Even as a report has come out that "talks about talks" are taking place with North Korea regarding denuclearization, recent
Raised the FBI's concern.8:30 AM, Feb 3, 2015 • By DANIEL HALPER
ABC reports on suspicious visas being fast-tracked -- and the role played by the top Democrat in the Senate, Harry Reid. First, the report explains the program:
America should 'attack' North Korea's 'infrastructure' 7:01 PM, Dec 28, 2014 • By DANIEL HALPER
Senator Lindsey Graham said on CNN earlier today that China was likely involved in the hack attack on Sony.
"I can't imagine anything this massive happening in North Korea without China being involved or at least knowing about it,"the Republican senator said on CNN.
Jan 5, 2015, Vol. 20, No. 17 • By THE SCRAPBOOK
The Scrapbook has never expected the Obama administration to be on the right side of history when it comes to free trade. However, when the administration quietly announced the week before Christmas that it was imposing massive new tariffs on certain Chinese goods, we admit to being astonished, despite our capacious sense of cynicism about what motivates this White House.
Another climate conclave comes and goes.Dec 29, 2014, Vol. 20, No. 16 • By IRWIN M. STELZER
Nicholas Stern is one of the world’s über-environmentalists, the author of the famous Stern Review, a 700-page study released by the British government in 2006, which concluded, “Climate change is a serious global threat, and it demands an urgent response.” Eight years on, Stern professes himself satisfied that the 13-day, 20th session of the Conference of the Parties to the United Nations Framework Convention on Climate, concluded last week in Lima, Peru, is an important step towards a new agreement at the climate change summit to be held in Paris in December 2015.
12:48 PM, Dec 18, 2014 • By MARK HEMINGWAY
Buried in the avalanche of Cuba and North Korea news was this revealing tidbit about the Obama administration's environmental priorities:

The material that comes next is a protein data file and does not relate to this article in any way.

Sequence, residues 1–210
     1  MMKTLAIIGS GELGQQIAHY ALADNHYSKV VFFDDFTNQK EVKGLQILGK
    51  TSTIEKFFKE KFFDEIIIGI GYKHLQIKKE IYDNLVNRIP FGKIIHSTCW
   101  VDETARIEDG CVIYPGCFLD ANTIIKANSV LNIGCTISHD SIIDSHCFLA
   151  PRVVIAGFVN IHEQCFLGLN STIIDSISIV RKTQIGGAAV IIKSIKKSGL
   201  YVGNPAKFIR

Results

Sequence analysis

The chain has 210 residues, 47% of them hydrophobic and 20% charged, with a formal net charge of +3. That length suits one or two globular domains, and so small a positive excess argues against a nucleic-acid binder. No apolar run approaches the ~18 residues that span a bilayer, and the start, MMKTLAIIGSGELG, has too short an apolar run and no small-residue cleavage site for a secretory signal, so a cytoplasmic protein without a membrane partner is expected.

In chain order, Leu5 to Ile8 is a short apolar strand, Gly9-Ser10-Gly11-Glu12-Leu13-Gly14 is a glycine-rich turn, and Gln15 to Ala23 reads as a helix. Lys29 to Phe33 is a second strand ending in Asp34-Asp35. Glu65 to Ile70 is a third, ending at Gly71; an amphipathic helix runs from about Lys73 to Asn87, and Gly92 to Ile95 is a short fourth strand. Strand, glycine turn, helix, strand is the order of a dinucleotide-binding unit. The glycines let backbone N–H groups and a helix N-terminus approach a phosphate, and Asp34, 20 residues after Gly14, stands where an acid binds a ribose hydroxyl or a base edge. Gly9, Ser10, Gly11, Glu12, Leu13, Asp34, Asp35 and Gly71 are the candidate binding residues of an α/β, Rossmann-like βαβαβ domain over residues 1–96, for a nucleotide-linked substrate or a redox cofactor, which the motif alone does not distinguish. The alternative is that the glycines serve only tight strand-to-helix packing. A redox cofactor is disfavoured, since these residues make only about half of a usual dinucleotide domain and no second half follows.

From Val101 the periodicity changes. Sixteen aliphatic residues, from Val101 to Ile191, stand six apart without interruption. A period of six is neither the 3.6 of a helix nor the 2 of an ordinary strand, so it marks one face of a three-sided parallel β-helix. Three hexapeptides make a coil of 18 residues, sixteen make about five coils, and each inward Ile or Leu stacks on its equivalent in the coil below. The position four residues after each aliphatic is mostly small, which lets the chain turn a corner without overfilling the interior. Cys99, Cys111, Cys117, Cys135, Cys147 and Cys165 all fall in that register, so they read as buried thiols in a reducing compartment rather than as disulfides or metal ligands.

The Obama administration will set duties on solar products from China and Taiwan that combined could exceed more than 200 percent, adding fuel to a renewable-energy clash between the U.S. and China.
6:29 AM, Dec 11, 2014 • By DANIEL HALPER
The Chinese equivalent of the Nobel Prize, the Confucius Peace Prize, has been awarded to Cuban dictator Fidel Castro.
"Former Cuban leader Fidel Castro is this year's winner of the Confucius Peace Prize, China's alternative to the Nobel Prize," reports the Associated Press.
Xi lowers the boom on Hong Kong.Dec 15, 2014, Vol. 20, No. 14 • By DENNIS P. HALPIN
With the Asia-Pacific Economic Cooperation (APEC) summit in Beijing safely over and regional leaders departed, China’s new strongman Xi Jinping decided to lower the boom on Hong Kong. Police there began clearing the barricades last week from the city’s main thoroughfare with the students in apparent retreat. Hong Kong’s chief executive, Leung Chun-ying, widely perceived as Beijing’s puppet, was quoted by Reuters as promising “resolute action” and warning students not to return to occupation sites.
12:00 AM, Nov 15, 2014 • By IRWIN M. STELZER
There is more than might have been, but a lot less than first meets the eye. That describes the climate deal struck this week by President Barack Obama and Chinese president Xi Jinping in their private two-day meeting following a gathering of 19 Asian Pacific leaders in Beijing. The very fact of a deal is more than even well-informed observers expected.
7:25 AM, Nov 12, 2014 • By DANIEL HALPER
Late last night, the White House announced a carbon deal with China. As the Washington Post explains:
Chinese leader Xi Jinping and President Obama struck a deal Wednesday to limit greenhouse gases, with China committing for the first time to cap carbon emissions and Obama unveiling a plan for deeper U.S. emissions reductions through 2025.
7:37 AM, Nov 11, 2014 • By MICHAEL WARREN
President Obama told the president of China he wants to "take the relationship to a new level."
Obama, who is visiting China as part of a global summit, attended an event at the residence of Chinese president Xi Jinping Tuesday. According to the pool report, Xi told Obama he wanted to work more closely with the Americans, and the American president agreed.